Abington’s water department says it’s moving quickly to implement new treatment strategies that will reduce the amount of potentially dangerous chemicals found in the water supply.
But accomplishing this may take months and ultimately cost more than $3 million, Abington/Rockland Joint Water Works Superintendent Joe LaPointe told the board Thursday.
Until its fixed, pregnant women and those with compromised immune systems are being encouraged to not consume the water. However, the board said the water is safe for most people.
“Its only this sensitive subgroup that should be most concerned,” LaPointe said. “For anyone else, it’s only after a 70 year period of consuming the water that these effects would kick in.”
The Massachusetts Department of Environmental Protection last fall handed down new regulations saying public water supplies shouldn’t have more than 20 nanograms of per- and polyflouroalkyl substances per liter. These substances, known as PFAS, are manmade chemicals historically found in firefighting foam, non-stick coatings, and other products that are increasingly linked to cancer, thyroid issues, and other health problems. They are considered “forever chemicals” due to the fact they don’t break down and linger in human bodies.
The previous safe limit of PFAS was 70 nanograms per liter. The federal government’s standard remains at 70 nanograms.
Water quality tests taken from the Hingham Street treatment plant showed a combined average of 23.4 nanograms, which required the water works to send a “public education” notice to all customers. The water works is still waiting for the state to certify the results of its March test.
LaPointe said the department has started temporarily using a granulated carbon treatment to reduce the levels. The department is also in the process of buying two used filter vessels that will be temporarily installed in the Hingham Street plant.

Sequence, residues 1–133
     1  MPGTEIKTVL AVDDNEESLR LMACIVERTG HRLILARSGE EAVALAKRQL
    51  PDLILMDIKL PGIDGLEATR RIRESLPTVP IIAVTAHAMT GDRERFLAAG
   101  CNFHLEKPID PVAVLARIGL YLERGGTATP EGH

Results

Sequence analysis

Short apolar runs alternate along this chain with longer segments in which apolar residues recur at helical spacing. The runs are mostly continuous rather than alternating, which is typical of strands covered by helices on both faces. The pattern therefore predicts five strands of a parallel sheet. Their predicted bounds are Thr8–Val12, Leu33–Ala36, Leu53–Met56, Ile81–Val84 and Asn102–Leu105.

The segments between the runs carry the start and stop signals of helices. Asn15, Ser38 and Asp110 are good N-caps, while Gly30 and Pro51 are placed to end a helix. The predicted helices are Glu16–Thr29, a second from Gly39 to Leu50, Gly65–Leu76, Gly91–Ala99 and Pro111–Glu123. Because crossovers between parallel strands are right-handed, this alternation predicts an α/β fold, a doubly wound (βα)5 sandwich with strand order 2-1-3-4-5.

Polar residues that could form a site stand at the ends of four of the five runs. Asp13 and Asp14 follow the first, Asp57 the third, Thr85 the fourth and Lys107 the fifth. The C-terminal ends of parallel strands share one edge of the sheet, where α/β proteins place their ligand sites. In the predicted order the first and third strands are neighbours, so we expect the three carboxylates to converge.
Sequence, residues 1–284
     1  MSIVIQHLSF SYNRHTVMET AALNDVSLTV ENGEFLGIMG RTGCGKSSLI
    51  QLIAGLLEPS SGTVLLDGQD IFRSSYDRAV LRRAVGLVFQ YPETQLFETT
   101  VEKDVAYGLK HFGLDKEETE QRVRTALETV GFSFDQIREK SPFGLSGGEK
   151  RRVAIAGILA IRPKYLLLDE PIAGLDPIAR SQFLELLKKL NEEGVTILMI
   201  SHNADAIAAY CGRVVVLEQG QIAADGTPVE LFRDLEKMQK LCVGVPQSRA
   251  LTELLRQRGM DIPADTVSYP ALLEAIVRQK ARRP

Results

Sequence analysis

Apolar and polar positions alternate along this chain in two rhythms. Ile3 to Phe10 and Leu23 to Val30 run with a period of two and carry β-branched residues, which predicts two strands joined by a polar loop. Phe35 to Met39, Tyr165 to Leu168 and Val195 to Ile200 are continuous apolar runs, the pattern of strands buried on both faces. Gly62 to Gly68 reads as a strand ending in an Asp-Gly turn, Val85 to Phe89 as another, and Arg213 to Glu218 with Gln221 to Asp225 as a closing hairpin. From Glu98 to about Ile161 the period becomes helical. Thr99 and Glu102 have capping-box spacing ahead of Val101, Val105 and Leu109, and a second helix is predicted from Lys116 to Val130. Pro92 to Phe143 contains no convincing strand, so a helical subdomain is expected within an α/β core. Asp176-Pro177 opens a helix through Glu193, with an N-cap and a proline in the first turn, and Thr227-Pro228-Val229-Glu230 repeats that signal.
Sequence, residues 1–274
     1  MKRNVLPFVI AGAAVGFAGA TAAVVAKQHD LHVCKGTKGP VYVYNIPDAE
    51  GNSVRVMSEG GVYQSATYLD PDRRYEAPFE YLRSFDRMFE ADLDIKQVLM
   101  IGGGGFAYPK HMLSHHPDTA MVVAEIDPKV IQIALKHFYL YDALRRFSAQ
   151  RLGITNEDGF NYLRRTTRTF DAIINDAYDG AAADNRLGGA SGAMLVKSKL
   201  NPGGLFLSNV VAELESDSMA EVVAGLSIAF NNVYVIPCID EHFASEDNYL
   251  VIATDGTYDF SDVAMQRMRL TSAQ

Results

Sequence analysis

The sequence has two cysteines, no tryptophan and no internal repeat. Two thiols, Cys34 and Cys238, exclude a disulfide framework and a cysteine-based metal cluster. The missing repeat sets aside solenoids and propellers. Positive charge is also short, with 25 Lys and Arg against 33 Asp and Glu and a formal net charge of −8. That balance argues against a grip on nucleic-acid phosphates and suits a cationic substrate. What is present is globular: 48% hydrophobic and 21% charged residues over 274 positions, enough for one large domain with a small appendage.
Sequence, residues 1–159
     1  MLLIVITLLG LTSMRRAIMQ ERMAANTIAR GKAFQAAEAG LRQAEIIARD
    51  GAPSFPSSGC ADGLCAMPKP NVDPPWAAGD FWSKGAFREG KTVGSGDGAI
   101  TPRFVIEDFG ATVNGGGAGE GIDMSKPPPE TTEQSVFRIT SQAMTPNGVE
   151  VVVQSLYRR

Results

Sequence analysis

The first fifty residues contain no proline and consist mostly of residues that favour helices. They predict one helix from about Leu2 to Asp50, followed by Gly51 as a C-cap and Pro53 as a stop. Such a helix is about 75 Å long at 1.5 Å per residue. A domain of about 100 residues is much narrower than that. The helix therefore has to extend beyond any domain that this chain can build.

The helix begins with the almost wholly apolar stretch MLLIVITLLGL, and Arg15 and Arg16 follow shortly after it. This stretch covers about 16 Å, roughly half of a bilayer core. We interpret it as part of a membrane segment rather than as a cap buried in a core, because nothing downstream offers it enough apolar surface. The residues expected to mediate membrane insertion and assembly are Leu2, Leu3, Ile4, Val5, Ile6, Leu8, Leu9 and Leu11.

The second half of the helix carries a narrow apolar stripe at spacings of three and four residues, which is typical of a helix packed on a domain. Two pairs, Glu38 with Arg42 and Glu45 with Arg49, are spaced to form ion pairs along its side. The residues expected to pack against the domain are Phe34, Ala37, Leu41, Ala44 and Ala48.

For a long-term solution, the department will be purchasing four new filter vessels for the Hingham Street plant, then transfer the two used units to the Myers Avenue treatment plant.
However, it could take 22-25 weeks to receive the filter vessels, assistant superintendent Kristel Cameron said. That timeline could be impacted as more and more municipal water systems work to meet the new standards.
“We’re not the only water department having this problem,” LaPointe said. “Its definitely going to be a statewide issue. We just jumped on this early.”
The new state regulations required water systems like Abington’s to start testing in April; the town’s water department started testing in January.
When the Meyers Avenue plant was refurbished last summer, the department installed a carbon filter in one of the three treatment filters, instead of a traditional sand filter, as a test program to see how well the setup removes PFAS. LaPointe said every test has come back showing 0 nanograms per liter.
The cost of upgrading all the filters is expected to cost more than $3 million.
LaPointe hopes the state will soon provide grants to help municipal water departments pay for the needed improvements since they are being driven by the state’s regulatory changes.
A new infrastructure bill being pushed by President Joe Biden includes $10 billion to help states monitor and remediate PFAS in public water supplies.
Nicole Corbett, a science teacher at Abington High School, asked whether the contamination could have come from the former South Weymouth Naval Air Station. Military bases have been identified as common contributor to PFAS contamination in adjacent water supplies, including Otis Air Force Base in Cape Cod.
LaPointe said the state has not yet started PFAS source tracing, but added that the state has said previously groundwater from the air station doesn’t run towards the Hingham Street watershed.
“We are eventually going to go back down that road, and trace it back,” LaPointe said, adding that the contamination could have come from other past industrial uses in the area.